Unfortunately once the novelty of the style wears off after the strong opening introduction the movie becomes less and less engaging as it goes on. A big issue with The Harder They Fall is in its length because the movie clocks in at 2 hours and 19 minutes when it would be better served by being 1 hour and 40 minutes at most. The movie is a pretty straight forward revenge story, and while sometimes those can justify their length (such as Kill Bill Vol.1 and 2) The Harder They Fall doesn’t have the writing or character needed to justify its length down to the fact the movie manufactures a conflict with Stagecoach Mary doing a pretty ill advised action which leads her getting captured by Buck where Buck forces Nat Love to rob a bank in a white town (both literally and figuratively) which seems like it’s only there to stretch the story to this length. You can tell the movie is directed by someone with a music background because not only is the soundtrack often front and center, but several scenes feel like they’re one step away from turning into musical numbers (which actually does happen every so often) and while the look can sometimes be to this film’s advantage such as the colorful buildings that make up Redwood City, othertimes it becomes quite distracting such as the previously mentioned white town where everything, and I do mean everything is painted white in what I guess is supposed to be a joke, but it’s such a broad and exaggerated joke it feels like something that should be in a parody and not in a (somewhat) serious western.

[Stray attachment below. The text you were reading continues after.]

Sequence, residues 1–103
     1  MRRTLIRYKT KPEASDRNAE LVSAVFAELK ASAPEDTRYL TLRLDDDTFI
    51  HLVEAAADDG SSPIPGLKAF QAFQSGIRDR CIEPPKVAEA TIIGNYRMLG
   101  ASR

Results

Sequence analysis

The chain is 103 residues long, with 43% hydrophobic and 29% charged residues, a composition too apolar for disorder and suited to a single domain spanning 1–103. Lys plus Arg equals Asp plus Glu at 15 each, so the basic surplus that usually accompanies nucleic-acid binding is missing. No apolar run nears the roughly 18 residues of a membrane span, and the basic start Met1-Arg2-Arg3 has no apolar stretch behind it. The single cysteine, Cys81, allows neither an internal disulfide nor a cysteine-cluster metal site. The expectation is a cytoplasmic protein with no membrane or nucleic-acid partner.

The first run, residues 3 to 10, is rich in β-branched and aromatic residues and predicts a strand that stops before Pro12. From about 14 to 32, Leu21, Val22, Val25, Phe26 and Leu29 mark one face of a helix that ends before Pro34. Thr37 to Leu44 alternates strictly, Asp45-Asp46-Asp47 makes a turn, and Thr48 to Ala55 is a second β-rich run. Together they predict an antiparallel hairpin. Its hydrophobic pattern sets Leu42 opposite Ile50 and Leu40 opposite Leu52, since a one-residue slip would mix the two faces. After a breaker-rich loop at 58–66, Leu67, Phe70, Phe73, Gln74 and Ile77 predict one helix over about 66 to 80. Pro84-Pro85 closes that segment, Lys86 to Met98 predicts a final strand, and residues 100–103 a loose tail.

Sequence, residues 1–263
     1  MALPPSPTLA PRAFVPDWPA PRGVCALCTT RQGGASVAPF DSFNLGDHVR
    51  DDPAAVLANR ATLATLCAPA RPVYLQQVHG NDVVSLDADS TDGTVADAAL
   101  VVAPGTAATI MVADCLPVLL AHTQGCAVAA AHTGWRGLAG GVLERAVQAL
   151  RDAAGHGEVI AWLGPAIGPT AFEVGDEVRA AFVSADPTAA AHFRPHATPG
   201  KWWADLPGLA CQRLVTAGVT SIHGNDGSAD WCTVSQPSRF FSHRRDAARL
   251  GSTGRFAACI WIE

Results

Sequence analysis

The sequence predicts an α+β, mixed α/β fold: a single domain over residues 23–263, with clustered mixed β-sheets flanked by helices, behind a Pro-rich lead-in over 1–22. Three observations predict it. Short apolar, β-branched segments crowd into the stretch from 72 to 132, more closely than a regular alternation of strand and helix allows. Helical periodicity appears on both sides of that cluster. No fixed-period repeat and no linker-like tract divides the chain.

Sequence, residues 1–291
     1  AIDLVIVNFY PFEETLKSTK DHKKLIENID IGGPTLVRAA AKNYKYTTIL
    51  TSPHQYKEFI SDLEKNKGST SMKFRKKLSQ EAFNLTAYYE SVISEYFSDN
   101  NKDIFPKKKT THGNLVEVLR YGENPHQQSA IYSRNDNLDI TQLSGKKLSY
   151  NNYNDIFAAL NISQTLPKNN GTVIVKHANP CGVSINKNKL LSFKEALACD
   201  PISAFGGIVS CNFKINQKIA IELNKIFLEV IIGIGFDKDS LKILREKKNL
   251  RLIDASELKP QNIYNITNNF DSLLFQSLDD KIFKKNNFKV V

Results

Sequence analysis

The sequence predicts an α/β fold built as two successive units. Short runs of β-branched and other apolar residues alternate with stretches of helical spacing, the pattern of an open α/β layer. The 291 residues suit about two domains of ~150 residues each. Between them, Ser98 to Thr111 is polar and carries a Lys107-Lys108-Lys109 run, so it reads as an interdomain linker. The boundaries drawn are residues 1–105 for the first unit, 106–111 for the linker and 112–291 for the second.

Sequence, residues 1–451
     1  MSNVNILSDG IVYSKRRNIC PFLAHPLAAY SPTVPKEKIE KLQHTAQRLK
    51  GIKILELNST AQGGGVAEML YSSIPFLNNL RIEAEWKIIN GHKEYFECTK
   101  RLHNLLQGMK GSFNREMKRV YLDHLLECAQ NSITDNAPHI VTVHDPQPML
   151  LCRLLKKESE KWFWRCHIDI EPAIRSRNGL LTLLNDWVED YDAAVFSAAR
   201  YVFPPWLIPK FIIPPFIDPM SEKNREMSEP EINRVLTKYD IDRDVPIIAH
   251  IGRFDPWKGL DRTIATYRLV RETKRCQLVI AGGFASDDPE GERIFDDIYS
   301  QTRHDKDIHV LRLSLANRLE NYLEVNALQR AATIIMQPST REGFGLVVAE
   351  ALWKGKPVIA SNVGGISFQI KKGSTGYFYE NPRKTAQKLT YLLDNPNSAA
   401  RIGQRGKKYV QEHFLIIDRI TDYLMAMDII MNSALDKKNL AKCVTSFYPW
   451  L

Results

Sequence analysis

Most of the performances are kind of lost among the style and excess of the rest of the movie. The one major standout who I thought gave a really strong performance was Delroy Lindo playing a fictionalized take on U. S. Marshal Bass Reeves and while the role isn’t written with all that much depth, Lindo gives the character this world weariness that gives some needed weight and investment to the film and gave the character a lot of credibility thanks to his performance. Idris Elba gets a decent introduction with a really strong train robbery set piece, but after that sequence he doesn’t really get to do all that much until the very end of the movie which doesn’t strike the emotional resonance it should. Johnathan Majors is serviceable as the lead, but he’s also not really called upon for any commanding moments where he’s allowed to own the scene and often is just sort of “there”. Majors’ Nat Love character has both a revenge plot as well as a romantic plot with Zazie Beetz’ Stagecoach Mary and neither Nat Love’s revenge nor his relationship with Stagecoach Mary really comes to a boiling point and feels like it’s stuck on a mild simmer more than anything else.
The Harder they Fall certainly is stylish and well made, but it’s also not as substantive as it needs to be to justify its near 2 and ½ hour length. I think Jeymes Samuel does have merit as a director and I would like to see him do another movie, but he also needs an editor that can keep his vision focused. There’s a strong performance from Delroy Lindo and some forceful fight sequences and if you are a fan of westerns or Tarantino films this might be worth a one time viewing, but I can’t really give it much more than that.